- What is important is not victory or the position of a victor, but rather the labor of striving towards God and devotion to Him.” ~St. John Maximovitch
- We can observe the ways in which the saints succeeded (and sometimes also failed!), and learn from them.
- “…some falls and relapses of the former sinful life are inevitable. Do not let this disturb you, do not despond. Rome was not built in a day. Everything takes time. It is through many trials and great struggle that we each enter the Kingdom of God… Sometimes this process of rising proceeds quickly, at times it slows down…Do not be discouraged when you see no improvement. One thing is needful: try to live according to the Gospel commandments…If you do succumb [to sin], repent before the Lord, ask forgiveness, and rise to fight again. And so until death.” ~Abbot Nikon
- We can use the saints’ lives as a guide and/or measuring stick to help ourselves stay on track.
- “A person can become a saint anywhere… At your work, whatever it may be, you can become saints – through meekness, patience and love. Make a new start every day, with new resolution, with enthusiasm and love, prayer and silence – not with anxiety so that you get a pain in the chest. If it happens, for example, that you are given tasks to do that fall outside the remit of your duties it is not right for you to protest and become irritated and complain. Such vexations do you harm. Look on all things as opportunities to be sanctified.” ~St. Porphyrios
- We can ask the saints to pray for us.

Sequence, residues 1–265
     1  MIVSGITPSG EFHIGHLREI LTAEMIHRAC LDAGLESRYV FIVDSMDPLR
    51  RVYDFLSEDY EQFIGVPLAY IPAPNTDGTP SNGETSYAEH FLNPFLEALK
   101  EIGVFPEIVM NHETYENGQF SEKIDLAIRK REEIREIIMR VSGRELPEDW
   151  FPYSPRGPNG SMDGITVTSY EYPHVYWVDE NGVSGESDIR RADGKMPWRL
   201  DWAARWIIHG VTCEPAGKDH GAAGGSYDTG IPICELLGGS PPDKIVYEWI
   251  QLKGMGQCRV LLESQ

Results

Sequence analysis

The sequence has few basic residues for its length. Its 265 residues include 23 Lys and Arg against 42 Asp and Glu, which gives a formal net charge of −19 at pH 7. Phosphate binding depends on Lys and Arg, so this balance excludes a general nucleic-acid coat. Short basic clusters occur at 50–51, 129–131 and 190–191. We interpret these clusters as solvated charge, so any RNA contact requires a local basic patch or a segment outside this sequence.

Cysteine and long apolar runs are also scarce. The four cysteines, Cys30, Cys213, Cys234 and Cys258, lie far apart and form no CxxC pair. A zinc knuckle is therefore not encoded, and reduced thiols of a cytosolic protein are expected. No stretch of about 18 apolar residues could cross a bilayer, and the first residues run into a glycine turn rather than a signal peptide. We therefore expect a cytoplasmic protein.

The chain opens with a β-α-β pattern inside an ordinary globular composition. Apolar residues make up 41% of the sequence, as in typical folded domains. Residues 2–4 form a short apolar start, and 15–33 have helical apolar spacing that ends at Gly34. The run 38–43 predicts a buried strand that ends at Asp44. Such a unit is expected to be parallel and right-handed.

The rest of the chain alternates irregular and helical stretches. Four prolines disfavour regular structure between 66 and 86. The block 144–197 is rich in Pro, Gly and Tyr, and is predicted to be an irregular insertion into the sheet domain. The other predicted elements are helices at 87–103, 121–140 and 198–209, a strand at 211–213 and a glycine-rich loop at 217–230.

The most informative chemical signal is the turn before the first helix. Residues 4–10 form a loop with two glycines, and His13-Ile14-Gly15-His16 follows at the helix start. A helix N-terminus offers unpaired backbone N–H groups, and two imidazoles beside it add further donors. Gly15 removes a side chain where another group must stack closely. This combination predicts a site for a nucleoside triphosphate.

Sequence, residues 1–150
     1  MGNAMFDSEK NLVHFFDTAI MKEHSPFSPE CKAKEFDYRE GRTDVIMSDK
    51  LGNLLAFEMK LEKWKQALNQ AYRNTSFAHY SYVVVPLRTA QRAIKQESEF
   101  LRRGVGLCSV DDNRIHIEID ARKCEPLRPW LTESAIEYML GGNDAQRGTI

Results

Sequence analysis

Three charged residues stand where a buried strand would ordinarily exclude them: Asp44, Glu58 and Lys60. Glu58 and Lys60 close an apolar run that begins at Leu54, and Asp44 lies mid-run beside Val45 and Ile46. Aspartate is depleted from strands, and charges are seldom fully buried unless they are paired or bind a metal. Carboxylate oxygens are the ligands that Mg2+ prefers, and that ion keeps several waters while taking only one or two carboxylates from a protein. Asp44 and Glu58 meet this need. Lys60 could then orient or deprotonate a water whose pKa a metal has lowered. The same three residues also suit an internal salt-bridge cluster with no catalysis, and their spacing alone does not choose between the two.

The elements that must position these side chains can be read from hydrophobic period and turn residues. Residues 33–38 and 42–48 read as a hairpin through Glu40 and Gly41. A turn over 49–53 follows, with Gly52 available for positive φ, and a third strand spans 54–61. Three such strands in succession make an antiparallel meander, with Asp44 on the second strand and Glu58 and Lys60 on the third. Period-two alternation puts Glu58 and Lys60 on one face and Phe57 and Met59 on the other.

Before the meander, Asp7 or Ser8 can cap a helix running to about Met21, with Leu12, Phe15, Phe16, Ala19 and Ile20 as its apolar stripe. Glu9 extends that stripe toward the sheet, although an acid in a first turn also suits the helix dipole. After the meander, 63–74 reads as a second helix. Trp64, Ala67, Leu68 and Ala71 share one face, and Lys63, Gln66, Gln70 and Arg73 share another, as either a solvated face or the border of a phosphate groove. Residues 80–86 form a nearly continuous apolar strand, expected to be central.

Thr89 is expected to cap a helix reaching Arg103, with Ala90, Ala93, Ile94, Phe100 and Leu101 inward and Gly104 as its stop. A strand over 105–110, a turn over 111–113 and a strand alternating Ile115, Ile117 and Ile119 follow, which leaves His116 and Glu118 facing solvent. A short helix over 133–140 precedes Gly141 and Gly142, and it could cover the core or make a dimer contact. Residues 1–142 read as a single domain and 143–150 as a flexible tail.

- “…And when we pray to them [the saints], then the Holy Spirit hears our prayers, and our souls feel that they are praying for us.” ~St. Silouan the Athonite
Through the prayers of our Holy Fathers, of Thy Most Pure Mother, and of all the Saints, have mercy on us and save us. Amen.”
Read about lives of Saints of Recent Decades here. Listen to free podcasts from the Lives of the Saints here. Purchase individual books or the entire series from the Paterikon (Encyclopedia of Saints) here, or the book A Child’s Paradise of Saintshere.
How to Make Use of the Lives of the Saints “…First, we look to the Saints as our examples…. As Christians, we want to grow in the likeness of Christ, to have that likeness shine in us. For this to occur, we need to look often to the Saints to see that shining likeness: we must look to them for real, practical examples of how to live. St. Basil the Great gives this analogy:
- “Just as painters, in working from models, constantly gaze at their exemplar and thus strive to transfer the expression of the original to their own artistry, so too he who is eager to make himself perfect in all kinds of virtue must gaze upon the Lives of the Saints as upon statues, so to speak, that move and act, and must make their excellence his own by imitation.”
- “These close friends will be the guides of our choice and a great comfort to us along the straight and narrow way that leads to Christ. We are not alone on the road or in the struggle. We have with us our Mother, the All-Holy Mother of God, our Guardian Angel, the Saint whose name we bear, and those close friends we have chosen out of the Great Multitude of Saints who stand before the Lamb (Rev. 7:9). When we stumble through sin, they will raise us up again; when we are tempted to give up hope, they will remind us that they have suffered for Christ before us, and more than us; and that they are now the possessors of unending joy. So, upon the stony road of the present life, these holy companions will enable us to glimpse the light of the Resurrection. Let us search, then, in the Lives of the Saints, for these close friends, and with all the Saints let us make our way to Christ….”